- Araya Diaz/Getty
- Facebook will label all political ads in the UK as “political” in an effort to become more transparent about how politicians use its platform to target voters.
- It will also show how much political parties have spent on ads, and only accept ads from authenticated accounts.
- Chief technology officer Mike Schroepfer will promise the changes for May 2019 when he appears before British parliamentarians on Thursday.
- Schroepfer will apologise for Facebook’s role in the Cambridge Analytica scandal, which saw 87 million user profiles handed to the controversial political research firm.
Facebook is about to become a lot more transparent about political advertising on its platform.
Here’s a summary of the changes:
- The company will start labelling all UK political ads as “political.”
- Facebook will only accept political ads from authenticated accounts.
- It will place all political ads in a searchable archive for seven years where people can see how many times those ads were viewed and how much they cost.
- People will be able to see which demographic was targeted by the ads.
Chief technology officer Mike Schroepfer will announce the changes when he appears before UK parliamentarians on Thursday morning to explain the Cambridge Analytica data scandal. In written testimony, he will say he is “deeply sorry” about the scandal, according to remarks seen by Business Insider.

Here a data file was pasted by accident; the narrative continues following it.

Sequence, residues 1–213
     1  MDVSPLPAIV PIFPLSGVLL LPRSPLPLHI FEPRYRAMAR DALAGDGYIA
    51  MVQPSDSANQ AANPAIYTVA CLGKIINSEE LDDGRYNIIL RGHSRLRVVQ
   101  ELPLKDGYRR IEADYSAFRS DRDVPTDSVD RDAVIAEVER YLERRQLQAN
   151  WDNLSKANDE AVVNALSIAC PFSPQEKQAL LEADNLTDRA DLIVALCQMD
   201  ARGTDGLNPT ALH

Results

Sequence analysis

“As Facebook has grown, people everywhere have gotten a powerful new tool to stay connected to the people they care about, make their voices heard, and build communities and businesses,” Schroepfer’s testimony will say.
“But it’s clear now that we didn’t do enough to prevent these tools from potentially being used for harm as well. We didn’t take a broad enough view of our responsibility, and that was a mistake.”
Ads on Facebook are highly targeted, and so there is little transparency about what political parties and politicians might be showing to voters on the platform. It’s widely thought that US president Donald Trump successfully capitalised on Facebook’s ad systems, and the way it prioritises provocative content.
Facebook will make the changes to political ads in time for the local elections in May 2019 in England and Northern Ireland. It’s also made a similar commitment in the US.
By June 2018, UK Facebook users will be able to see more about general ads too through a “view ads” button. This will let users see all the ads a given page is showing to users via Facebook, Messenger, and Instagram. The company has been trialling the feature in Canada.
MPs are likely to grill Schroepfer about how the firm failed to protect its users from having their data scraped. Politicians originally wanted CEO Mark Zuckerberg to testify, but he has avoided the firing line in the UK so far.